Eleven years is a long time to produce a debut album, and Chase Johnson and his band Open Air Stereo understands that it’s been a Chinese Democracy-esque wait, but at long last, Primates has hit the streets, and the lead singer couldn’t be happier that it has arrived.
“It really was a Chinese Democracy to get it out,” he laughs. “It’s been a whirlwind, but with almost anything, when you give something the right amount of time, and when you have your whole life to do your first record and two minutes to do your second, we figured let’s take a little time with the first, along with a couple speed bumps. But I just feel ecstatic all the time. I’m constantly excited and ready for each day and so happy to be doing what I love. It’s a blessing.”
You knew there had to be speed bumps, and the ones experienced by Open Air Stereo are more interesting than most. If the band (Johnson, Nick Gross, Evan Smith, Scott Pounds) sounds familiar, it’s because they were prominently featured on MTV’s Laguna Beach series in 2006. Of course, with such notoriety comes criticism, backlash, and all that fun stuff.
“The funny thing is, that show did bring a lot of attention - mostly positive, definitely some negative - but that’s just what comes with the territory,” said Johnson. “But I didn’t give them much on the front of drama, or girlfriends, or stuff like that. I was all about the music, and I told them up front that the only way they were going to get me to do the show was if they showcased my band. And it turned out great. For a while we had some skeptics wondering if we were even a real band.”
They were – and are – a real band, but while most would have struck while the iron was hot and rushed out an album to cash in on the success of the show and being an “MTV band,” everything surrounding their stint in the world of reality television actually forced them to break up for three years.
“I think it is much better that the record came out now,” admits Johnson. “We weren’t ready for the type of success that would have come when the show first came out, which is why the break first happened. I think we all thought we were rock stars a little bit too much before we ever put out a record.”
It’s an honest assessment of the situation, not that it made it any easier to deal with at the time. Eventually though, Johnson and company reunited and got back down to the business of recording an album, something the singer-songwriter always felt would get done with his OAS gang and no one else.
“I think anyone in their childhood dreams of doing things as a group of friends, especially as a musician,” he said. “A solo project is cool, but I’m not some narcissistic maniac. (Laughs) I love togetherness, I love the family we have, and I think the main thing about the break was that we needed to grow as people and get to know ourselves first before we could really love one another as a family and grow together as a family. And that break really helped us do that and now we’re stronger than ever and we have no plans to stop whatsoever.”
Were there times when he had doubts that the record would ever get finished though?
“I had those feelings, but in the back of my mind and in my heart I always knew that it would, and me and the boys wouldn’t have let it not come out,” he said. “It’s our bread and butter and our number one passion. We did have other jobs and stuff throughout the years, but the last year or two we dedicated ourselves to it and Nick and I do songwriting on the side for other people as well, so we just surround ourselves with music. And I think when you surround yourself with what you love and you give it enough perseverance and you have a bit of luck, it will all come to fruition.”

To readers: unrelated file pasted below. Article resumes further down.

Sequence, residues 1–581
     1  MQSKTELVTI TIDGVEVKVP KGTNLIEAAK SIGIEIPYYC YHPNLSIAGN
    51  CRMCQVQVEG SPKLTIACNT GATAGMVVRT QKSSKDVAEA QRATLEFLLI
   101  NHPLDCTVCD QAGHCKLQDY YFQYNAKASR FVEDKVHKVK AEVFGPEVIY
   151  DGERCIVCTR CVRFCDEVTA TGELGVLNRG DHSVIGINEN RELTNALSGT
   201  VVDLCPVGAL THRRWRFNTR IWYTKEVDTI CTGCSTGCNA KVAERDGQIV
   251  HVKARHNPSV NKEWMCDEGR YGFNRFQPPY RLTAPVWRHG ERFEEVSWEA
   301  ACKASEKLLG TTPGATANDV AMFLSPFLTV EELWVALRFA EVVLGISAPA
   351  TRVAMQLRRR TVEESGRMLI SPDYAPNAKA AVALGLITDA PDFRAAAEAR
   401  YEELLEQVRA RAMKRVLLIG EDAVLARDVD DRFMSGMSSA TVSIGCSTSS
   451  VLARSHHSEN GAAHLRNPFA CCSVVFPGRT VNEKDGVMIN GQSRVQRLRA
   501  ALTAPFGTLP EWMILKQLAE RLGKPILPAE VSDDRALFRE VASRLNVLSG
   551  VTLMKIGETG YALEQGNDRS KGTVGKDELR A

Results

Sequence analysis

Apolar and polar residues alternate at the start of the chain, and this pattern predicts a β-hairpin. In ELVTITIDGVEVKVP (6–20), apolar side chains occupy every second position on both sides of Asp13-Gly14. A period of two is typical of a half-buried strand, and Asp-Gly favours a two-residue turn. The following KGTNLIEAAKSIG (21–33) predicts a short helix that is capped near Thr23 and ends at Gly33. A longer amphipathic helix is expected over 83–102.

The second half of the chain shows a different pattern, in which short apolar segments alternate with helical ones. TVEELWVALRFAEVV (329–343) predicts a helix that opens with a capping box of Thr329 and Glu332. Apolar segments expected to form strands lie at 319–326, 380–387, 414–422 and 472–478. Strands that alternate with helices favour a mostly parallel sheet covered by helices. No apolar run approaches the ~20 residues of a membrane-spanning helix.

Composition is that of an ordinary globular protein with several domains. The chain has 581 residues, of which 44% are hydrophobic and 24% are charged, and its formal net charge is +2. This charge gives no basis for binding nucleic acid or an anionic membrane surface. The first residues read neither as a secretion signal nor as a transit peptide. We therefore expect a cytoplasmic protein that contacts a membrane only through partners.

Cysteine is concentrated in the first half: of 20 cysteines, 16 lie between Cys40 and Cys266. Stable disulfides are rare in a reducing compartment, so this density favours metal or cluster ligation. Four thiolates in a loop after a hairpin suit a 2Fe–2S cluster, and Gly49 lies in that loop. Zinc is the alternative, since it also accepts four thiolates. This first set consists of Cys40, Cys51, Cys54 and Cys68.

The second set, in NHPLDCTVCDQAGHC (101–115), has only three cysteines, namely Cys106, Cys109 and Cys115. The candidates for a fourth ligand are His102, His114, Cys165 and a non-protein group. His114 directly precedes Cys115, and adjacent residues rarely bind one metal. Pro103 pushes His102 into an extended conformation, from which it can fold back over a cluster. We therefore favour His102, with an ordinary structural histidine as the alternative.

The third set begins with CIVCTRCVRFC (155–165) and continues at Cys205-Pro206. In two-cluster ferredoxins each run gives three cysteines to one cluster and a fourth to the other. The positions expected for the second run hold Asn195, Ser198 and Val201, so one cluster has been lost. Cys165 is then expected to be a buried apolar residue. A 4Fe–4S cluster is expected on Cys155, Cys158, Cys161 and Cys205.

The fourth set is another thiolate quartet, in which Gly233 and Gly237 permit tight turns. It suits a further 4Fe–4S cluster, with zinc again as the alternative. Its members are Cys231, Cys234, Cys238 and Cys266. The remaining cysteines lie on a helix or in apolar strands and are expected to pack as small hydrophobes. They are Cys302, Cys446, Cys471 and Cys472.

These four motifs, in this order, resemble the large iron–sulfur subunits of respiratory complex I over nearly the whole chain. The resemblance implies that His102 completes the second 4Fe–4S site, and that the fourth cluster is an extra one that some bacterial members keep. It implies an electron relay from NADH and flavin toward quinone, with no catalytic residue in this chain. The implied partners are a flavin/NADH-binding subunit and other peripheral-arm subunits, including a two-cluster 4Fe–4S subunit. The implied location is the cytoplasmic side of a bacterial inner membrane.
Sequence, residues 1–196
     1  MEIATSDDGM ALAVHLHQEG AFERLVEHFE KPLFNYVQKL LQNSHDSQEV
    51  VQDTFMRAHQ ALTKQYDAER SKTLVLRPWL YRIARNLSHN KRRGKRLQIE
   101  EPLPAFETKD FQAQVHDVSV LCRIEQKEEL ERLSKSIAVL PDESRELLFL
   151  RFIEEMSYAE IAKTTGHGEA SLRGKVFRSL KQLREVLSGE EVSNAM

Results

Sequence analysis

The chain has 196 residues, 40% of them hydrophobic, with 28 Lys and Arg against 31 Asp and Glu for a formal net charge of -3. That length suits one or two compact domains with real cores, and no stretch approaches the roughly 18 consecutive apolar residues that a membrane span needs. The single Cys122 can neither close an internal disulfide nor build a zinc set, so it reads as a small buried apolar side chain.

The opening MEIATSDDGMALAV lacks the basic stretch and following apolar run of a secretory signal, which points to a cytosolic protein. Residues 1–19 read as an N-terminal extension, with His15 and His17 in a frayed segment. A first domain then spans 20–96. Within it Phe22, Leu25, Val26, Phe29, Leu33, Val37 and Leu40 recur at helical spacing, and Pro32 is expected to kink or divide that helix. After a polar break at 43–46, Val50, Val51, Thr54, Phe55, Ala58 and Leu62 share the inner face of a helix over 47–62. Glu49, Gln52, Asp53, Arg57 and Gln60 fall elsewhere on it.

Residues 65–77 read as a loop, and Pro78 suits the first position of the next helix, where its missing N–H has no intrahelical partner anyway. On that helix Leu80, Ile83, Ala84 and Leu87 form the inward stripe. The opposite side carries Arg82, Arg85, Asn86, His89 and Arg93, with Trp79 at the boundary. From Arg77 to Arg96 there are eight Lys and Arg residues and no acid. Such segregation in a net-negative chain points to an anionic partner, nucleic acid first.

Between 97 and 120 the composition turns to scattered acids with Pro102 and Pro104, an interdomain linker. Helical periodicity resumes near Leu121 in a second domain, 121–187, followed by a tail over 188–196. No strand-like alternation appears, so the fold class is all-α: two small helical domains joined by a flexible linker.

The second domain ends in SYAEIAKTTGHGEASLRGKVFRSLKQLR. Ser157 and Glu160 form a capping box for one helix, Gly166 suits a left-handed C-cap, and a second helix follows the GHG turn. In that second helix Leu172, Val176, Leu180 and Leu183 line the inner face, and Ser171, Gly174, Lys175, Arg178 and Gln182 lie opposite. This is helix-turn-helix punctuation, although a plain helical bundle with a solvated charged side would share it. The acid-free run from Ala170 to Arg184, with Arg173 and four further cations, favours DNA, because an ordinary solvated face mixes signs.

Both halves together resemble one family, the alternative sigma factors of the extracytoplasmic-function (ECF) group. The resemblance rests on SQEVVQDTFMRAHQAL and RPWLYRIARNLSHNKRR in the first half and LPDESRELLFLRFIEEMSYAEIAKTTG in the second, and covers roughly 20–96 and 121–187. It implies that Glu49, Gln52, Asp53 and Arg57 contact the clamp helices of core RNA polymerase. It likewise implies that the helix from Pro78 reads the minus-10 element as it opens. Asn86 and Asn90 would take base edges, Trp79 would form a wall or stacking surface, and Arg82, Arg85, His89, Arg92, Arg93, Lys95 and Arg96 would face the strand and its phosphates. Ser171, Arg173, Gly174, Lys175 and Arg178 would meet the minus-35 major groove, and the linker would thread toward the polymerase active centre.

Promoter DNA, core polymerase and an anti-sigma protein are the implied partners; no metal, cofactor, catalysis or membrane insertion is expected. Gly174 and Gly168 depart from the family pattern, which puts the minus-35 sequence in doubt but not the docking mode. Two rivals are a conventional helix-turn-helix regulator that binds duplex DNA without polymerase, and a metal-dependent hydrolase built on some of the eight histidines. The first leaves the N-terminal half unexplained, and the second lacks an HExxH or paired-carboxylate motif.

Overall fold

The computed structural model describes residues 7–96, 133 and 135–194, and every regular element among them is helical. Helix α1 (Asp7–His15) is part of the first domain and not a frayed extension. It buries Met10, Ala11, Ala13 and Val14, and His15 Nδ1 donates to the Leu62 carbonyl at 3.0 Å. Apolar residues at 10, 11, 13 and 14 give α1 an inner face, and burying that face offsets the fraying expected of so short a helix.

In May of 2013, Primates was released to the world and it’s an energetic and hook-filled hard rock album that fans of the band will agree was worth the wait. And when you consider that the band members still haven’t hit 30 yet, it looks like this album will be the first of many.
“I think we turned into very extremely young and energetic old souls,” laughs Johnson. “At 25, we are a step ahead of the game, and it’s an advantage, but a blessing, and we’re so stoked about that. Our writing is better and we can see things in a different light, rather than always trying to impress the next person. We want people to feel with us and enjoy it as if it was their music or interpret it as if it were their music.
“We’re musicians now,” he continues. “We’re not trying to be rock stars. We were always musicians, but I think we lost ourselves a bit and we’ve definitely found ourselves now and it’s an absolute blessing to be doing what I love with the people that I love and going out on amazing tours and playing for the masses every night and showing them my heart and soul. It’s nice.”
Now on tour and visiting New York City’s Irving Plaza on Thursday (with Hinder, Candlebox, and Devour The Day), Johnson and company have made it here years after many expected them to arrive, but they’ve arrived nonetheless. And if you can make it through everything they’ve experienced and still have a love for the game, you’re in it for the long haul.
“The thing about music for me, and the reason I chose it is because I can be the most sensitive person in the world, I can have mood swings, and have everything around me affecting me, and music is the one thing you can do when you’re happy, sad, upset, any kind of emotion in the whole entire world,” said Johnson. “I think that’s it’s a beautiful profession and an art.”
“And also, hearing “Paperback Writer” by The Beatles changed me.”
Open Air Stereo plays Irving Plaza in NYC on Thursday, September 26. For tickets, click here